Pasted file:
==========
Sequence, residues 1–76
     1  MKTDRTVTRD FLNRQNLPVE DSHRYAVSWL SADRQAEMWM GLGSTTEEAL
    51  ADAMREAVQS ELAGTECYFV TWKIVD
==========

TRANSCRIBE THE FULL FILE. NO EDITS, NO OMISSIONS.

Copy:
Sequence, residues 1–76
     1  MKTDRTVTRD FLNRQNLPVE DSHRYAVSWL SADRQAEMWM GLGSTTEEAL
    51  ADAMREAVQS ELAGTECYFV TWKIVD